Talk:Switzerland

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Haven for Tax Evaders[edit]

I think this article should state more clearly that Switzerland's economy is built primarily on its secret bank account system, which holds billions of dollars deposited by tax evaders and criminals from all over Europe... Perhaps there should be a 'criticisms' section. When you say 'Switzerland', most people immediately think 'tax haven' - Wikipedia should reflect this. Vorpaul (talk) 02:11, 27 October 2010 (UTC)

I don't see why you believe that Swiss economy is built on it's banking system. Please give me some additional information about your sources.
According to my sources (OECD and official Swiss statistics), the entire financial sector only contributes roughly 10 percent to the nation's GDP. The banking sector only contributes a part of this sector, the country's insurance industry is also very important. If you analyze Swiss banking further, you'll find that investment banking actually is responsible for nearly fifty percent of profits.
So the whole private banking sector only contributes roughly 2 to 3 percent to the GDP. As most assets managed by Swiss banks do belong to Swiss citizen, I'd estimate the money made with foreigners hiding their money in Switzerland of less than 1 percent of the GDP.
It's also worth noting that Switzerland has one of the world's strictest anti-money laundring laws, which is why criminals usually choose Hong Kong, Singapore, Cayman Islands or the Channel Islands for hiding their assets. Also dictators like Gadaffi increasingly avoid Switzerland - which is wise, as the Swiss government was the first one that froze Gadaffi's assets...
After my studies of the world's financial markets, I must conclude that many people seem to misunderstand the Swiss market. Perhaps this is because of some old movies where Swiss bank accounts, especially number accounts, were really secret. Jiuhao (talk) 22:56, 13 May 2011 (UTC)
please see ---> http://www.beaconequity.com/smw/12149/US-Warns-Ten-Swiss-Banks-to-Handover-Account-Information, http://www.bloomberg.com/news/2011-09-06/singapore-s-mas-warns-private-banks-against-illicit-funds-1-.html, as just two recent examples of Swiss banking being used for illicit purposes. HammerFilmFan (talk) 09:45, 12 September 2011 (UTC)
In this case you better write in the article about USA that some US citizens try to hide their money abroad to avoid paying taxes. If a man kills another man, do you blame the weapon store for this? A weapon store sells weapons and its not their job to observe their customers after a legal purchase. Banks are doing banking and its not their job to be tax detectives after a legal money deposit. Switzerland has one of the world's best anti-monney laundring laws. Swiss do fight to keep the tradition of their banking secrecy as the Americans do fight to keep their right to carry a weapon. The bank secrecy was not developped with the goal to avoid taxes, its rather an expression of the relationship between the Swiss their government, the strong desire to have protection of privacy. For Swiss this is equally fundamental as the weapons law for US citizens, which was developped to give US citizens the right to protect themselves, rather than to misuse weapons. Critical is the manner in which a law is used.--User1973 (talk) 08:28, 16 May 2013 (UTC)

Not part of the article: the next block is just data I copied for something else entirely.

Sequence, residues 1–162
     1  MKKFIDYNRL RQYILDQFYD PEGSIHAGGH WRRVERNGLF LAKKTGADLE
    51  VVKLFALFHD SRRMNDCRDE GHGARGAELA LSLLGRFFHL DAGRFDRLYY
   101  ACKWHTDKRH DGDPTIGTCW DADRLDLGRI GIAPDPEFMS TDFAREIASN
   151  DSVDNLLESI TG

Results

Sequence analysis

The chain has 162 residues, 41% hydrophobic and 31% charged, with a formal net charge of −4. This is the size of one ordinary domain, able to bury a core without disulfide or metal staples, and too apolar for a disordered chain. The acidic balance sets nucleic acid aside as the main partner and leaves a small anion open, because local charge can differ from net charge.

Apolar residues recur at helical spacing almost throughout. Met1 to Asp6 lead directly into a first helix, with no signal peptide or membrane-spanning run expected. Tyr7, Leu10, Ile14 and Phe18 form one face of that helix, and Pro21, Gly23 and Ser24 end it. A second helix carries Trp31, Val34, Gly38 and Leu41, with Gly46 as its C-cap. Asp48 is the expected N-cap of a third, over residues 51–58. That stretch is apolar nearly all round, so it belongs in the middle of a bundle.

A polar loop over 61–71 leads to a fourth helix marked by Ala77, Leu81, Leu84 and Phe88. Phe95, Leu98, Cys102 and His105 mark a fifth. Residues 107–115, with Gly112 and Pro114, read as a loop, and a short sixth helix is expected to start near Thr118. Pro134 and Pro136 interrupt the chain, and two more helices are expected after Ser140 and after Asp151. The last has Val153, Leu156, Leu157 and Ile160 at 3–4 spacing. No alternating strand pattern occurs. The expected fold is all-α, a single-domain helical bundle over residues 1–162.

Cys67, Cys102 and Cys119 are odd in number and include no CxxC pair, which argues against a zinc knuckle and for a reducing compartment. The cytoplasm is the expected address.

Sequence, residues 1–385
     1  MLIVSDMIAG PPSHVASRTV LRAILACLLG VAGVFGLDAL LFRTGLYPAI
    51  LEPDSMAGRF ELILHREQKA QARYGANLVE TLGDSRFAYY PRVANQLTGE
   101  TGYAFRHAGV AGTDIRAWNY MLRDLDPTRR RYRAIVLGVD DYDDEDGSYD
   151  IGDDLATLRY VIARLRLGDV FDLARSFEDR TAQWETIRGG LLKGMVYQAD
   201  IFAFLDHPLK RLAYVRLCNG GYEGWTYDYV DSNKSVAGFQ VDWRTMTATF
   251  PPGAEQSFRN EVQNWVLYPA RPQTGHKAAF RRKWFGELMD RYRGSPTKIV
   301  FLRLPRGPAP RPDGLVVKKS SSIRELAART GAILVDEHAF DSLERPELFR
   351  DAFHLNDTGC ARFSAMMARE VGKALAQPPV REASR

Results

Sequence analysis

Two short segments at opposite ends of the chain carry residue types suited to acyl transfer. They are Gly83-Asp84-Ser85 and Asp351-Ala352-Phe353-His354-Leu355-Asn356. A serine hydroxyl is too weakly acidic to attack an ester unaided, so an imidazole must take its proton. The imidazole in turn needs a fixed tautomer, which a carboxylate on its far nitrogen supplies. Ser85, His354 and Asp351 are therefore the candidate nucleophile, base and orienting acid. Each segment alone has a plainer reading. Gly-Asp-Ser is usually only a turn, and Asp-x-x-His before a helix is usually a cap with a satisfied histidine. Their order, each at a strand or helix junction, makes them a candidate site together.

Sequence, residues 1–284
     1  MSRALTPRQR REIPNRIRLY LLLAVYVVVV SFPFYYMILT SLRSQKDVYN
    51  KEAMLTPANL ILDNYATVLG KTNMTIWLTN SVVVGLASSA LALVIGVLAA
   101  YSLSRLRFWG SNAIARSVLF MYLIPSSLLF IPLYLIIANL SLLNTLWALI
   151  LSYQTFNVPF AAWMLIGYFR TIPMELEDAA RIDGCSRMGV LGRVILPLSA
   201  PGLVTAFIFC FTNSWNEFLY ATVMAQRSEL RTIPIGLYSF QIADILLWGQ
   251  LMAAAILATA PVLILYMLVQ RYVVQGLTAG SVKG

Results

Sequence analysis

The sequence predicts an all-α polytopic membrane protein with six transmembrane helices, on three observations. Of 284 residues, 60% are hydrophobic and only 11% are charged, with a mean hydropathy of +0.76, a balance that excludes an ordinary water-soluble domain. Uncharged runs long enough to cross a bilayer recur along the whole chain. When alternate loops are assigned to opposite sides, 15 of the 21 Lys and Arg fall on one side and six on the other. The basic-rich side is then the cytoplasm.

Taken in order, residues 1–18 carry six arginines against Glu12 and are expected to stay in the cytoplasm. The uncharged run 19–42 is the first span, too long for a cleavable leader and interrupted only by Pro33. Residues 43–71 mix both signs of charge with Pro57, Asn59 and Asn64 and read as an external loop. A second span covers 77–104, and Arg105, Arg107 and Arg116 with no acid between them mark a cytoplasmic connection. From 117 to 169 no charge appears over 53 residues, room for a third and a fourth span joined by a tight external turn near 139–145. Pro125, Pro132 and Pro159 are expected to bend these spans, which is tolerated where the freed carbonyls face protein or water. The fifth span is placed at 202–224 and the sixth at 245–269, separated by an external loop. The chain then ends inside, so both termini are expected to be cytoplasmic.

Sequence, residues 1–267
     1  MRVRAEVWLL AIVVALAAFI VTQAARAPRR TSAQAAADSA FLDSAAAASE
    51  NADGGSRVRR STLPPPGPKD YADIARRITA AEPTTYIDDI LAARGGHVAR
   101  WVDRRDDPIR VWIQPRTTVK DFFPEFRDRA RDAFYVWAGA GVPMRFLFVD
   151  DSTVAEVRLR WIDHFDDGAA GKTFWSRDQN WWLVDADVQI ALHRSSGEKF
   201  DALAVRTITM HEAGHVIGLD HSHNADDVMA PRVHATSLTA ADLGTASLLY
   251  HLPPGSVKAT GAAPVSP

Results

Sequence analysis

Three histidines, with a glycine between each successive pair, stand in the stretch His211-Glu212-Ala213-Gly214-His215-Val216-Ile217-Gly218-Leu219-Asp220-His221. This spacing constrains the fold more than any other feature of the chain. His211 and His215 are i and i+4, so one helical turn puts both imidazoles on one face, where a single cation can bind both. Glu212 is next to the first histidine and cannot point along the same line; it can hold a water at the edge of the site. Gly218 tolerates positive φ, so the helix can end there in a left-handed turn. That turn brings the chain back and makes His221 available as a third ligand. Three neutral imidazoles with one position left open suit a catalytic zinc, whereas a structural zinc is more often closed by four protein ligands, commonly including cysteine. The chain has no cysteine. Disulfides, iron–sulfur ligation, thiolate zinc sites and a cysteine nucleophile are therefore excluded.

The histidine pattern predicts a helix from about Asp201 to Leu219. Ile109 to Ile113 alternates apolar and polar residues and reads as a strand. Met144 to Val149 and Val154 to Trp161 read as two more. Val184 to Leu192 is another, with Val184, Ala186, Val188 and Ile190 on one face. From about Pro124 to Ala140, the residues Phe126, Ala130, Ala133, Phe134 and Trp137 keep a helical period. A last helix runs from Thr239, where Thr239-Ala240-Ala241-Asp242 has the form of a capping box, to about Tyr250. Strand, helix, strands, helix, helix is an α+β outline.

John Calvin?[edit]

I'm really surprised that John Calvin isn't in this article. I don't know much about Switzerland, but I do know that, for good or ill, Calvin has had an enormous impact on Christianity in the West. I think it should be noted that he lived in Switzerland when he attempted to reform the religion. 98.240.208.99 (talk) 16:58, 17 January 2010 (UTC)

Perhaps but Calvin was actually French (born in Picardy, far north of Switzerland). Historian932 (talk) 18:51, 23 April 2013 (UTC)

GA Review[edit]

This review is transcluded from Talk:Switzerland/GA2. The edit link for this section can be used to add comments to the review.

Reviewer: Jhbuk (talk) 19:36, 24 January 2010 (UTC)

Generally good, but referencing needs to be improved

  • More references needed. "Switzerland and the European Union" only has references in the first paragraph; more are needed across the article where I've put cite needed tags (I've put them in general paragraphs needing cites, not just after specific facts)
  • Separate notes from references using <ref group=note> - it's a lot easier to use than having them all grouped together
  • A few 1-2 sentence paragraphs that disrupt the flow ought to be combined with others
  • Couple of dead links [1]
  • Add an external ref for number 22 about Lenin


  • Are all the external links really necessary?
  • Possibly too many images?
  • "Swiss armed forces" - "a high percentage of the people voted in favour of it" - can you quote the actual figure?

I'm putting the article on hold, as I think the references can be sorted out in a week.

I added some references and separated them from the notes but there are still two citations missing in the first section (Etymology). Apparently all dead links have alternate source. mgeo talk 16:25, 25 January 2010 (UTC)
Symbol support vote.svg

Pass The article is at the GA standard - there are no substantial problems that would cause the article to fail the review. However, I think I can still see some areas that have still not been fixed from the first PR over 3 years ago, although the most significant have been. Jhbuk (talk) 18:22, 26 January 2010 (UTC)

Anthem[edit]

The Anthem is not in German only, as may suggest the infobox. As stated in the linked Article, the anthem has lyrics in all four national languages. As I don't wan't to register only to correct this, I hope someone else does. 188.60.80.188 (talk) 09:20, 25 January 2010 (UTC)

Put it in English. I don't think it is necessary to have the translations in every languages. mgeo talk 15:34, 25 January 2010 (UTC)


WW2 Bombing[edit]